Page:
Update: Burger Records Abandons Rebrand, Closes Up Shop

Burger Records – Burger Records
Update July 23: 
Burger Records has apparently shuttered entirely after a number of artists and employees were accused of inappropriate behavior with minors. All of the labels official websites and social media pages appear to have been shut down. 
Burger Records co-founder Sean Bohrman told Pitchfork July 22 the plan to rebrand as BRGR RECS was being abandoned and business would completely shut down instead. 
This news came after Jessa Zapor-Gray, who was previously announced as interim president, stated she would not be accepting the position.  
“When I was asked to take over in this capacity, I expected some blowback for my decision to accept but I believed that the opportunity to have a role in effecting real and lasting positive change within the Burger and indie music scenes was worth the risk,” Zapor Grey told Pitchfork in a statement. “Upon further review, I have informed Burger Records that I no longer believe I will be able to achieve my intended goals in assuming the leadership role at Burger in the current climate. Therefore, I have decided to step away from the label entirely to focus on my other projects.”
Original Story, July 21:
Burger Records is changing its name, shuffling executives, and funding resources for victims of trauma following accusations that label artists and employees engaged in grooming underage girls for sexual relationships, took advantage of power imbalances in relationships and solicited pornography from minors.
Burger Records initially acknowledged stories of artists behaving inappropriately July 17, initially naming the band Part Time and Phil from the band Love Cop. Consequence of Sound has also reported accusations against The Growlers, The Frights, The Buttertones, SWMRS, and Cosmonauts. 
An Instagram page dedicated to making claims against Burger Records more visibly shared statements that the physical store in Fullerton, Calif., had a culture that was “designed and complicit,” and that the store allowed underage girls to drink alcohol alongside men, which “created a cesspool of trauma” and placed “predatory men on pedestals.”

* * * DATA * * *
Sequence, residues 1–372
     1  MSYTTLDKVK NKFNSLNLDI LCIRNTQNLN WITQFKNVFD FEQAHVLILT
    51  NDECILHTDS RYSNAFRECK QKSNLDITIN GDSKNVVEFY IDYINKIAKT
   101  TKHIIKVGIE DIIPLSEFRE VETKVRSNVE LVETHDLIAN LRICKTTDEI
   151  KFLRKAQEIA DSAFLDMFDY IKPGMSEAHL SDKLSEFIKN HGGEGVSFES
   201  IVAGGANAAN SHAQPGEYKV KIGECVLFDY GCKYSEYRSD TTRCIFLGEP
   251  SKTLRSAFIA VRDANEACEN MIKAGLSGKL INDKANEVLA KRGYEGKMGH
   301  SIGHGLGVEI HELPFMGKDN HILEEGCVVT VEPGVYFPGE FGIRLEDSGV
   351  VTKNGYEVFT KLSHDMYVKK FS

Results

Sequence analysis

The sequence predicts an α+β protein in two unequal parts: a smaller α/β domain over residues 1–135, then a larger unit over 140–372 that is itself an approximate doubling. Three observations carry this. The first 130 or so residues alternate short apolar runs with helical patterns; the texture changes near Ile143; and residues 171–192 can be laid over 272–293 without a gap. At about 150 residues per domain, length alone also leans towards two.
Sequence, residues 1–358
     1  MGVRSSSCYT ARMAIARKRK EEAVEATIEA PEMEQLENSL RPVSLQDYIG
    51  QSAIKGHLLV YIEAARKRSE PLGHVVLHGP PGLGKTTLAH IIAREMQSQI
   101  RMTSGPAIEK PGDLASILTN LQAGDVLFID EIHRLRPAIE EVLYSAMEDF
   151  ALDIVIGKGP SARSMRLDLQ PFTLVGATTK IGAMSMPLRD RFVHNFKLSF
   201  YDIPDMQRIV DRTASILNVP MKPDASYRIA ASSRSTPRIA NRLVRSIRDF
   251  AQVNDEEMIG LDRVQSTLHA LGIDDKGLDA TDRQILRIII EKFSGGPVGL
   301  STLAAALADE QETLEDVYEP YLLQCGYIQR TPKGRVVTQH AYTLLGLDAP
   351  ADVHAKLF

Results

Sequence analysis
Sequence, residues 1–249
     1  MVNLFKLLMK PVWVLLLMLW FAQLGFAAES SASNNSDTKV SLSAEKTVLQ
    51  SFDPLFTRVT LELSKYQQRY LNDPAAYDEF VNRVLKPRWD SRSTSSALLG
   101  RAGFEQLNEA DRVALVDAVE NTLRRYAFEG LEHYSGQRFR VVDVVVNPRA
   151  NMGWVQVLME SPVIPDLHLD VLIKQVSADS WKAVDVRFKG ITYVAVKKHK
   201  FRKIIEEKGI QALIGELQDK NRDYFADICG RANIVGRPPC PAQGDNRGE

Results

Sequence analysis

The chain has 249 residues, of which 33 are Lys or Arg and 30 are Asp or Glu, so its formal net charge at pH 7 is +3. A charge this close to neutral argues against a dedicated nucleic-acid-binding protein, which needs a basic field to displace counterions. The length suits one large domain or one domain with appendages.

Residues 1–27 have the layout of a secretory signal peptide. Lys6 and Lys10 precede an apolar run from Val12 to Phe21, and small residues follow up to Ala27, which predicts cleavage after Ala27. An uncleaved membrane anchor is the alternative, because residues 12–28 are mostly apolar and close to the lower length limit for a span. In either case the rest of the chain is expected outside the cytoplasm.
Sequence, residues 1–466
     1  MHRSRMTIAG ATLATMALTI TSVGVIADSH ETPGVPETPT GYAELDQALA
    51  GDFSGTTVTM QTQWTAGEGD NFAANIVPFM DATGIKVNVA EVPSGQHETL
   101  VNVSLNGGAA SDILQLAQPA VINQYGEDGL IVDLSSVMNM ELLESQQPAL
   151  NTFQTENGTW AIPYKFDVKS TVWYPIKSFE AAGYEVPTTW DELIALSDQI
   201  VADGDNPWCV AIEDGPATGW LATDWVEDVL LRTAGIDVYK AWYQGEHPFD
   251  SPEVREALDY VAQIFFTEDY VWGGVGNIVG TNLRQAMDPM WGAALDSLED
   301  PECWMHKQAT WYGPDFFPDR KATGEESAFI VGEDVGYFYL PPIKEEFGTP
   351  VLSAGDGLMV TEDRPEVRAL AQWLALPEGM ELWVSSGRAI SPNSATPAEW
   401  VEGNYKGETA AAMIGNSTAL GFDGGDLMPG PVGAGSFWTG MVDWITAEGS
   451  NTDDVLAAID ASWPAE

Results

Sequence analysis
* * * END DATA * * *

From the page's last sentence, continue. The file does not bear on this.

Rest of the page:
On July 17 Burger Records announced its long-standing policy was that artists found to be engaging in this kind of behavior would be removed from all Burger platforms, would have physical media destroyed, all business ties would be cut and, if necessary, authorities would be notified, and that these steps were being pursued in a number of cases. 
Yesterday Burger Records released a much lengthier statement announcing larger actions, including co-founder Sean Bohrman moving into a “transitional role” and president/co-founder Lee Rickard stepping down and divesting all interest in the label, with Jessa Zapor-Gray assuming the role of interim president. The label name is also changing to BRGR RECS and an all-woman imprint called BRGRRRL is being established. The Burger Records physical store will no longer have any affiliation with the label and will no longer host performances. 
“We understand that we will never be able to comprehend the trauma that women have experienced while trying to find a place in the music scene,” the statement reads. “We are profoundly saddened and sickened by the pain suffered at the hands of a toxic male music culture that does not value women as equals.
“We extend our deepest apologies to anyone who has suffered irreparable harm from any experience that occurred in the Burger and indie/DIY music scene, the latter of which we take part. We are also deeply sorry for the role Burger has played in perpetuating a culture of toxic masculinity. 
“We are sorry that we did not actively monitor this behavior well enough to make the Burger music scene safer for you. You should never feel you have to sacrifice your personal space to be able to enjoy music, for your career or in pursuit of your art; you shouldn’t feel you have to choose between music and your comfort.”
Burger Records is also funding a number of resources, including a counseling fund for those who suffered trauma in the Burger scene, a dedicated safe space for underage show attendees, discontinuation of artists who have violated the zero-tolerance policy, and working with experts in trauma, sexual assault awareness and consent education. 
The label has been associated with the annual Burger Boogaloo, which recently announced it was moving to 2021, but that event’s producer Total Trash Productions has cut all ties with Burger Records. 
Total Trash wrote in a statement: “In light of the recent allegations against Burger Records and several of the bands on their label, Total Trash Productions has made the decision to end our long-standing partnership with Burger Records. We want to express our heartfelt support for the brave women who have come forward to share their stories. We also want to sincerely apologize to anyone who has ever been victimized or harassed at any of our events. As the organizers of Burger Boogaloo, we accept responsibility for what happens at the event, and while we have always worked to take swift actions in removing individuals from the event or our line-up who have acted violent or inappropriate, we know that we can always do better. We owe that to our fans and our community.”